Most dangerous among this class of geek-claimant is the "serial entrepreneur," who believes a history of starting, selling or folding technical companies one after another without bringing any to fruition multiplies his or her impact on the real world rather than diluting it. This is not true; nor is the claim to geekhood. Serial entrepreneurs can more accurately be considered to be compulsive gamblers who bet using other people's money, but keep all the winnings.
So who are you?
There are a million varieties and individual variations of the major geek sets of characteristics, preferences and implementation patterns (usually pronounced by those who dislike polysyllables as "life choices").
Which is your major category and what made you that way?
For me (definitely MDG) it was all of the above:
- Cool gadgets that might overcome my own weaknesses while also playing cool games, showing movies, letting me chat with anyone I want without the inconvenience of actually talking to them;
- The impressive reality and awesome potential of systems that can bring the world to us in packages small enough to understand, rather than forcing us to wander uncomprehendingly through it;
- The power of all the other things that become possible as information technology becomes so small and sophisticated it becomes less of a discipline in itself and more of an enabler of nanotechnology, smart materials, enhanced reality, real-time intelligence and data analysis;
- Cameras you can't forget as long as you remembered to bring your phone;
- Lower long-distance phone and cable TV bills.
Were you born a geek? Did you choose it? Was it the need to fix something about yourself? To find the tools to fix some aspect of your world that needed fixing?
Was it the money? The respect of peers? Recognition that without your assistance no one in your organization could do their jobs properly or well? The acknowledgment from business-unit managers and end users that your skills are the only thing standing between them and the unemployment line?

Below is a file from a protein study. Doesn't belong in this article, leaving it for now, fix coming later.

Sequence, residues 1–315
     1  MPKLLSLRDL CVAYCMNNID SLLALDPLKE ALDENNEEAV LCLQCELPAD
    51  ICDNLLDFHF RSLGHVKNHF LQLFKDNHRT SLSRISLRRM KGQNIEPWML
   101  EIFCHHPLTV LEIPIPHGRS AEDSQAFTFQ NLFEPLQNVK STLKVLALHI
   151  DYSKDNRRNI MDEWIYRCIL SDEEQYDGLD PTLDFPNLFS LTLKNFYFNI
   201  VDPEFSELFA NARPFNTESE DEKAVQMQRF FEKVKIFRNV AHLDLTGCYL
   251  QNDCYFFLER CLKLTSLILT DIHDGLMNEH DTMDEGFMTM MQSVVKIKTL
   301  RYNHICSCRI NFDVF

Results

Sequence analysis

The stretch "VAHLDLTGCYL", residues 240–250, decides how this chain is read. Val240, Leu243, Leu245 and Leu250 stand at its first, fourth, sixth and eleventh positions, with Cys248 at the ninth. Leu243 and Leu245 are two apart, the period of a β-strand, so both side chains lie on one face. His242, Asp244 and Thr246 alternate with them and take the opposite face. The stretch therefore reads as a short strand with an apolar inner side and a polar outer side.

(Sorry, too much sarcasm. Within Corporate America, IT is like a heart surgeon inexplicably treated as a plumber by the people whose lives he or she saves. Everyone acknowledges the job is critical but no one thinks the person who does it is all that important. Surgeons make their own importance clear through the gravitational force of their own egos, if nothing else. Geeks usually resent the need to demonstrate their own worth to people who can't understand what they do and get annoyed that no one seems to be paying attention.)
Was it the need to feel as if you're building, fixing or participating in something important, and the realization that at this point in our cultural history, information technology is the most powerful catalyst for all types of human behavior?
Or was it just pure interest in the complexity, elegance, adaptability and potential of the technology itself?
Read more of Kevin Fogarty's CoreIT blog and follow the latest IT news at ITworld. Follow Kevin on Twitter at @KevinFogarty. For the latest IT news, analysis and how-tos, follow ITworld on Twitter and Facebook.